For more details on this idea, see Peak Prosperity's Crash Course which ties together environmental, economic, and energy issues to describe how this energy cliff manifests.
These days, the culture maintains this faith in technology and growth even though we've used up all the easy-to-extract energy and are now seeing severely diminishing returns. No technology can possibly find energy-rich resources that don't exist - no technology can enable infinite growth on a finite planet.

Two centuries ago, societies that didn't believe in (or value) technology-focused growth got blown away by societies that did: the natives didn't stand a chance against the USA. Now this false-but-beneficial belief in our technology-driven growth and capitalist system is becoming false-but-non-beneficial: with less growth in energy available, and soon less energy available in in an absolute sense, meaningful economic growth is going to end, and our totally growth-oriented society is going to get really mad - consider that our monetary system is debt-based, requiring economic growth to stay solvent, and think of all the pensions and retirement systems that require economic growth (driving bond and stock market growth) to pay their owners, among many other examples.

Coming Up With Our Own Stories
So what should we believe? Another friend from Earthaven, Chris, described a narrative he hopes to encourage after civilization passes its peak energy usage and begins its energy descent: the story is that humans sinned in the past and that we are responsible for recovering from their mistakes, for rebuilding the beautiful life ecosystems they didn't sufficiently appreciate.

This story accounts for all the poisoned and damned/dammed rivers, the infertile soil, the highly variable and changing climate, logged ex-forests, highly thinned or extinct populations of fish and large animals, higher-intensity and more damaging storms, huge amounts of trash, etc that future-people will have to deal with. In fact, eventually this degraded state will seem normal, with only the remnants of an incredibly energy-intensive civilization scattered around the landscape to make people wonder what happened. And so Chris's vision is for us to return to being stewards using a redemption narrative to see ourselves in a positive role, free of guilt or shame, but doing the most important work we can be doing: sustaining the life systems that humanity depends on for future generations of humans and non-humans alike.

In addition to making up stories from scratch or mixing-and-matching ancient narratives, I'm excited to learn first-hand what narratives current indigenous communities believe. In about 2 weeks, I'll be heading into the Amazonian Jungle in southeast Ecuador where I'll be living with an indigenous Shuar community. I'll be excited to learn their belief system, at least if my Spanish is up to the task!

I believe humans' need for narratives and our spirituality evolved because they caused us to behave in ways that benefited us even when we didn't understand why or when our belief was wrong. Ancient humans may not have had PhDs in ecology like some of us do, but they developed belief systems that caused them to treat their ecosystems with deep respect: we all know the story of the natives who used every part of the buffalo and prayed over it in thanks after the kill, for example. This belief system and this ritual behavior reinforced their emotional and spiritual connection to the things they depended on and ensured they didn't overconsume their renewable resource base. It caused them to feel mutually dependent rather than dominant, an attitude that lead them to protect what they depended on. Allie is another beautiful example: if we treat our plants with the same love we treat our children, they'll prosper and and we'll prosper with them. Regardless what you believe, this seems like a good thing!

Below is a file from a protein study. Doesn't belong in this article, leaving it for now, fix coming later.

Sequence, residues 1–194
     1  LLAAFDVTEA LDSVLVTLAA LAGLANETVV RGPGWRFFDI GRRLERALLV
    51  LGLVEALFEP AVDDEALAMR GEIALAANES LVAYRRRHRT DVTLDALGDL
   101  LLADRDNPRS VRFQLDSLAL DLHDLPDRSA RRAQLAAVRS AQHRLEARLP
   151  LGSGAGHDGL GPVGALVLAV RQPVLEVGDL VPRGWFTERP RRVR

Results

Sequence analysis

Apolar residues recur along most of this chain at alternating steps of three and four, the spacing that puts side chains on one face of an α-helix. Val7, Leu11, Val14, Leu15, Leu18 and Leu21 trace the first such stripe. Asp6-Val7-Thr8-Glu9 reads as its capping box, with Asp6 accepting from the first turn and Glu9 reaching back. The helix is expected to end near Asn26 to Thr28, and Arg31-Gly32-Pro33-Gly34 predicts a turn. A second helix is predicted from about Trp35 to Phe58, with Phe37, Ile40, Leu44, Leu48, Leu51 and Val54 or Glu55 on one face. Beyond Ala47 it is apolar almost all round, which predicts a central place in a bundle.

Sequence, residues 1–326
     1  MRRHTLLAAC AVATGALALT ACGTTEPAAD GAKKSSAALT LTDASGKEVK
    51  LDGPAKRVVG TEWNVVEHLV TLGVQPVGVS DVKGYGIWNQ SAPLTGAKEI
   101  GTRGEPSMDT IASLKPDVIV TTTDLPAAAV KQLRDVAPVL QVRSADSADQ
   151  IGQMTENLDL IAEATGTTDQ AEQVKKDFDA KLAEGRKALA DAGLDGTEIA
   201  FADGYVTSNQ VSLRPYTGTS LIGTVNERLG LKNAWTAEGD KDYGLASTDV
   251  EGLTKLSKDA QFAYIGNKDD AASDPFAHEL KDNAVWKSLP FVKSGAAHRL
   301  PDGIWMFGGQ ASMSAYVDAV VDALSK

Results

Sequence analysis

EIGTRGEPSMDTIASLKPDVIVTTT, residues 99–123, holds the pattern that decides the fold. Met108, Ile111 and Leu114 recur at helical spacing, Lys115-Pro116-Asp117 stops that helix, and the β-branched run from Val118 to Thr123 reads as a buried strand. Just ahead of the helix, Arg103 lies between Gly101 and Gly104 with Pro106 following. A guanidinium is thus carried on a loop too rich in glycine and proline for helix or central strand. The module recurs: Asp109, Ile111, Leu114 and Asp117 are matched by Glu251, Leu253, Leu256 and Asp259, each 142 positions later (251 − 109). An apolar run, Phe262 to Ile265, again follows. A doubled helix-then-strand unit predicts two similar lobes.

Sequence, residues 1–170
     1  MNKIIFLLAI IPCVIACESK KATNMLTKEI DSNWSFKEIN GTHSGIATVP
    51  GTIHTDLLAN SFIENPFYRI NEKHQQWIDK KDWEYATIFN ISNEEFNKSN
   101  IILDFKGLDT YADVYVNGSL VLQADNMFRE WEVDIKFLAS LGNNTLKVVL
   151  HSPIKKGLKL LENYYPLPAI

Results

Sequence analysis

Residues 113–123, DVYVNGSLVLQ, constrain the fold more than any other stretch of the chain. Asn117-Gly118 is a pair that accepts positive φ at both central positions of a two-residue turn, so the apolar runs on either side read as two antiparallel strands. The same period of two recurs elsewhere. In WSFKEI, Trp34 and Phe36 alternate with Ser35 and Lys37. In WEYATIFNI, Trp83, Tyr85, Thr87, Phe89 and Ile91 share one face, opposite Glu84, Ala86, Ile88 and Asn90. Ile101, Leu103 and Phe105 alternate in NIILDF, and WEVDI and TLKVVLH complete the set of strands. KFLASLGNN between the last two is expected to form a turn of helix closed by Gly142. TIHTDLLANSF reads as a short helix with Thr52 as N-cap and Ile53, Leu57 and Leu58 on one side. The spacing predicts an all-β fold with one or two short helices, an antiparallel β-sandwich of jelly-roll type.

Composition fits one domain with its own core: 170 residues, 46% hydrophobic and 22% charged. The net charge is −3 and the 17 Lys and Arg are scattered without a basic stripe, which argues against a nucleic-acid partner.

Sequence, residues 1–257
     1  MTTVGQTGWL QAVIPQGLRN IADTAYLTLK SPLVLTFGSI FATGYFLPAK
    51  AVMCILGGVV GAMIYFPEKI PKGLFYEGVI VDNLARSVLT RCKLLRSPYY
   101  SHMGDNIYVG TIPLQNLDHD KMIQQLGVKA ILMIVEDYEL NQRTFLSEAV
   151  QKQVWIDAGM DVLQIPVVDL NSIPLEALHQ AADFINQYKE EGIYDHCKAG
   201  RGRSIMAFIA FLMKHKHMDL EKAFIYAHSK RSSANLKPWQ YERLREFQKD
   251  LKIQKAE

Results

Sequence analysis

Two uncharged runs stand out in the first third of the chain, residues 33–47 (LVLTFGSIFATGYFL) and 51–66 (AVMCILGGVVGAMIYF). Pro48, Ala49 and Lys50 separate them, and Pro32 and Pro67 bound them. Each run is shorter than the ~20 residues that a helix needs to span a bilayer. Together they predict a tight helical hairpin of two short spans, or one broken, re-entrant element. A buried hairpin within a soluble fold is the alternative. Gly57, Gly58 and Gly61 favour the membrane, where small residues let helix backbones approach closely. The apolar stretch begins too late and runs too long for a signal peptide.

I was really skeptical of Allie's and others' 'connections' with plants when I first encountered them. It didn't take long for me to convert to feeling that same spiritual connection though, that same intimate bond that urges me to sustain life so that I can be sustained. Later that summer, Allie and I read a book called "Plant Intelligence and the Imaginal Realm" which presented tons of evidence for the Gaia hypothesis and that all life, including plants, are sentient parts of a greater connected Whole. It describes the scientific evidence that plants can distinguish between other plants and themselves, between offspring and non-offspring of the same species, that plants within and across species can 'ally' to communicate about infections and respond to ward them off, that plants teach their offspring (meaning, they send chemical messages that cause their offspring to change their behavior, similar to how humans send verbal messages to teach/mentor their offspring).

This means that just as human orphans become impoverished without parents to care for them and mentor them, plants (and other animals) become impoverished when they're cut off from large chunks of their families and surrounding ecosystem! And the book described groups of plants cooperating and coordinating in various ways across hundreds of miles and even around the planet, all acting in their best interests and responding to changes in their environment intelligently - as sentient beings.

In short, I still don't think the plant heard my friend Allie but... I'm not as sure I used to be.